The waiting room of a typical community health center can be overwhelming. Doctors and nurses race about in a desperate attempt to stay ahead of mounting caseloads; mothers try to quiet upset children, whispering words of comfort in varying languages.
In my 14 years as a primary care pediatrician at Children’s Hospital Boston’s Martha Eliot Health Center (MEHC) in Boston’s Jamaica Plain neighborhood, I’ve seen more than my fair share of scenes like this. I’ve witnessed first hand how preventable, poverty-related illness can cause suffering in children, and, in turn, their parents. Poverty produces a range of problems for people all over the world, but the effects it has on kids’ health can be the most devastating—as well as the most universal. No race, culture or nationality is more susceptible than another. It’s a global problem with global consequences.
With this in mind, I’ve spent the past few years involving myself in the realm of global health. Many of our patients and their families at the MEHC aren’t native to United States, and in working with them I’ve come to understand the need for more cohesive health care in their homelands. I’ve worked hard to forge ties with health providers in other parts of the world and together we’ve developed programs that improve the quality of care in their areas.
Though my work now has a broader audience, many of the core principles I try to impart in others are based on things I first learned at MEHC. Whether at a community health center here in the States or in a struggling Dominican Republican hospital, it’s my belief that prevention, screening and early treatment are the best ways to keep kids healthy.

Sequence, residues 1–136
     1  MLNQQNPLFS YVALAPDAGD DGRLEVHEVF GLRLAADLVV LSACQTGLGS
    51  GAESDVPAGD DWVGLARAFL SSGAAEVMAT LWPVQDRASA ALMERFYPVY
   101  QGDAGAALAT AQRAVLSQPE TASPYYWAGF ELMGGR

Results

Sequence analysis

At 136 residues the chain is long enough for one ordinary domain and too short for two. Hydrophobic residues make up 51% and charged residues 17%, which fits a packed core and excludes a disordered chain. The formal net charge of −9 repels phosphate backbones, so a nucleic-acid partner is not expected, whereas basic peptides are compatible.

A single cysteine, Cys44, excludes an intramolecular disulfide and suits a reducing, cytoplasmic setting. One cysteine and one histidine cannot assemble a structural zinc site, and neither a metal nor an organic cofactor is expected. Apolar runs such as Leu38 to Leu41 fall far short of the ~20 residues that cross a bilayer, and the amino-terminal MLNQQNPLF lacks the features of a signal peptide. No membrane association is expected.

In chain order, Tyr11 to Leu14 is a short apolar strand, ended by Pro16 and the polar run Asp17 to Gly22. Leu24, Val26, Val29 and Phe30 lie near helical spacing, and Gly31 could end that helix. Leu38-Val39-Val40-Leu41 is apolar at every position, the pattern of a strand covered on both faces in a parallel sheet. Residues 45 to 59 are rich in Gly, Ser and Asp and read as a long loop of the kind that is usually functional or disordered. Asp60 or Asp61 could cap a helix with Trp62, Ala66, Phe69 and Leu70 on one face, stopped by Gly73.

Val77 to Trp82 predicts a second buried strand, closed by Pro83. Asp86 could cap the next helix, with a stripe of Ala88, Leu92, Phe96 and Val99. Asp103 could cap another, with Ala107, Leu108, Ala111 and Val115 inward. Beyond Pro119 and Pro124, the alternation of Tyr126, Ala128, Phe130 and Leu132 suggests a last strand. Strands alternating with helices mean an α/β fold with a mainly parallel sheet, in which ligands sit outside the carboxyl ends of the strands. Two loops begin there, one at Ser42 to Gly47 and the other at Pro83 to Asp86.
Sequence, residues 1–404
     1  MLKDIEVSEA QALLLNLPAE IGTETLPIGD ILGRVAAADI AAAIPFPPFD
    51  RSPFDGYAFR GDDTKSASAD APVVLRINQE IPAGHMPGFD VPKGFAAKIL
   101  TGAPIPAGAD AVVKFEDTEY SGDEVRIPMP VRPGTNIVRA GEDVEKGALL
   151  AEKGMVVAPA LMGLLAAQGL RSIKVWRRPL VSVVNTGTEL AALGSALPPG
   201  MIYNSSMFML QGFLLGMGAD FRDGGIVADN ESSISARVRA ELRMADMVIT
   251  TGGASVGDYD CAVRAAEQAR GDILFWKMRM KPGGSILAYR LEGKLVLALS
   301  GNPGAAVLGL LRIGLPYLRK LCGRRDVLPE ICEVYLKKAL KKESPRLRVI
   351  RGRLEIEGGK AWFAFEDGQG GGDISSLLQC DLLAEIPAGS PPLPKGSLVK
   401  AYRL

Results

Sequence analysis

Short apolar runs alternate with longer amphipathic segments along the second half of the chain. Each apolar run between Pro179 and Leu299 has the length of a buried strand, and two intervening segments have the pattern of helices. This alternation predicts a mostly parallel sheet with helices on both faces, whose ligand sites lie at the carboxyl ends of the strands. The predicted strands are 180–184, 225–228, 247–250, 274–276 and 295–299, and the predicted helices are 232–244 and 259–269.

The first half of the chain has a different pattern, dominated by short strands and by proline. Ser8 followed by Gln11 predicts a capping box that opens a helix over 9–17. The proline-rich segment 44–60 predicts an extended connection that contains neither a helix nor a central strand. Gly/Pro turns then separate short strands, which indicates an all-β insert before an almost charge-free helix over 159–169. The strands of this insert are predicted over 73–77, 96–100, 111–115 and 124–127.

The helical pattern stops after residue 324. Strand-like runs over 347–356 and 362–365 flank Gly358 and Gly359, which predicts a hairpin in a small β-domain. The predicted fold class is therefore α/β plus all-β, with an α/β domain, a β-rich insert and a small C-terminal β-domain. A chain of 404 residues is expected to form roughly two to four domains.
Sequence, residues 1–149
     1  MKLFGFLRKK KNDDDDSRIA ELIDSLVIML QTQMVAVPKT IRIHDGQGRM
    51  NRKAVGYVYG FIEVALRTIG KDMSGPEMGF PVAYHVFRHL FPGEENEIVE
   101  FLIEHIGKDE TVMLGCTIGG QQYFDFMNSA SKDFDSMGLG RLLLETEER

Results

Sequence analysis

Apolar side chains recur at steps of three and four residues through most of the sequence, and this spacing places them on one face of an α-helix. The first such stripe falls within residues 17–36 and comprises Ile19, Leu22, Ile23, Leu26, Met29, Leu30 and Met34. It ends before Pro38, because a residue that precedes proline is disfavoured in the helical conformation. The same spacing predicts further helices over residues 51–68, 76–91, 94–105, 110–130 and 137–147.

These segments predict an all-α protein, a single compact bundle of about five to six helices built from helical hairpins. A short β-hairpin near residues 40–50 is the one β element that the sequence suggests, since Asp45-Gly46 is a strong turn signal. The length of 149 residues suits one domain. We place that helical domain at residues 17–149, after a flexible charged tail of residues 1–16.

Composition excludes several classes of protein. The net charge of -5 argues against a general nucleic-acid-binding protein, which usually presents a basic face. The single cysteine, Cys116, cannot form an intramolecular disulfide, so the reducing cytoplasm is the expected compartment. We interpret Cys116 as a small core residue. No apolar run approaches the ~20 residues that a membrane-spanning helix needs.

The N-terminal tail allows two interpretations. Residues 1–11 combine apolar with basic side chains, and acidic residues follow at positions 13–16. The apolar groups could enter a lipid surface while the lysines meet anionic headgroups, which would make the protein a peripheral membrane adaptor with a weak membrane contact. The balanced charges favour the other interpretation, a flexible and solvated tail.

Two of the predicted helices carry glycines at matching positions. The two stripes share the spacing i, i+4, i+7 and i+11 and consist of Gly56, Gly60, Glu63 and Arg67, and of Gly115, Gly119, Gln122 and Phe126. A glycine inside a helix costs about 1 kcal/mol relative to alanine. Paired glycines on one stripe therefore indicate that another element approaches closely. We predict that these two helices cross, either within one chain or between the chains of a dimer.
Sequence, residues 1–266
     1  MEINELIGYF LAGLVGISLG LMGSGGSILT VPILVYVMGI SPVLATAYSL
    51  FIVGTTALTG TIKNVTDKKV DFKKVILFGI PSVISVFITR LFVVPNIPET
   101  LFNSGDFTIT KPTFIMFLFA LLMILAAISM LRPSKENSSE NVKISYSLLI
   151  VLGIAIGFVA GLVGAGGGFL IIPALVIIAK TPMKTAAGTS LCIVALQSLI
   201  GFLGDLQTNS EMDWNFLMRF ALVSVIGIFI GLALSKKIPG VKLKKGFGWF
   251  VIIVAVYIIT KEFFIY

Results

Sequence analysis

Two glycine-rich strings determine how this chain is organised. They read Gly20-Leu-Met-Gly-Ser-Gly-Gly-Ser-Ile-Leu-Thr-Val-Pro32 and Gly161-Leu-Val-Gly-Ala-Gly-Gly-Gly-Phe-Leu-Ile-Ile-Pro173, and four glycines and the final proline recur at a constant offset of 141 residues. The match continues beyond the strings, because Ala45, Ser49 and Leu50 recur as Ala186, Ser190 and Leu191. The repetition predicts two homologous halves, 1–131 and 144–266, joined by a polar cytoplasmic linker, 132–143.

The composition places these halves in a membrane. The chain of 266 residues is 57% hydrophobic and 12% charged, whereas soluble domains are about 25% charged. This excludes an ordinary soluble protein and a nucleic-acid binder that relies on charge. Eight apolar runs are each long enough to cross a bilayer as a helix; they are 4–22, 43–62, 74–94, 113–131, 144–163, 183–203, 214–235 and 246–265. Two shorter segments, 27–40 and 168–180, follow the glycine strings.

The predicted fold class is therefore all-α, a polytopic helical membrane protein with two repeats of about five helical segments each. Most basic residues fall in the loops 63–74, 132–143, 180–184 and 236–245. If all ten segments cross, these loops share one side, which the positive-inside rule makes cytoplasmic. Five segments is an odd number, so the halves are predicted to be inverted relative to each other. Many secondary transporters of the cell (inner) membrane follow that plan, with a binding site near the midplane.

Nowhere have I seen these principles put into action more clearly than on a recent trip to Haiti. As a member of Children’s Hospital Boston’s Global Surgical Team, I recently traveled to Haiti as part of the massive relief effort following the devastating earthquake that rocked the island in January. Most of my time there was spent at HUEH, a critically understaffed Haitian hospital in Port-au-Prince, where many of the staff were injured or homeless after the earthquake. In just two nights, my colleagues and I treated close to 100 kids for problems like severe dehydration, typhoid fever, pneumonia and sickle cell anemia. Most cases involved poverty-related, preventable diseases whose effects were only exacerbated by the earthquake. I feel enormous respect for the Haitian clinicians who’ve been doing this for months and I learned a lot working alongside them.
It was often frustrating to not have the supplies and medications we needed, but I learned to be more patient and flexible. It was also hard to watch patients die for conditions we probably would have been able to treat successfully in the United States, but I still feel like our team made a difference. There were some kids who wouldn’t have made it if we hadn’t been there.
Even though the working conditions and symptoms I saw in Haiti were often more severe than those at MEHC, I got the sense that many of the solutions could be the same—reducing poverty and providing families with equal access to basic health care. I returned to the United States inspired by the efforts of my Haitian medical colleagues and with renewed faith in my belief that early identification of treatable problems like malnutrition, gastroenteritis and respiratory infection are the most important steps in providing quality medical care to children of poverty, both in America and the rest of the world.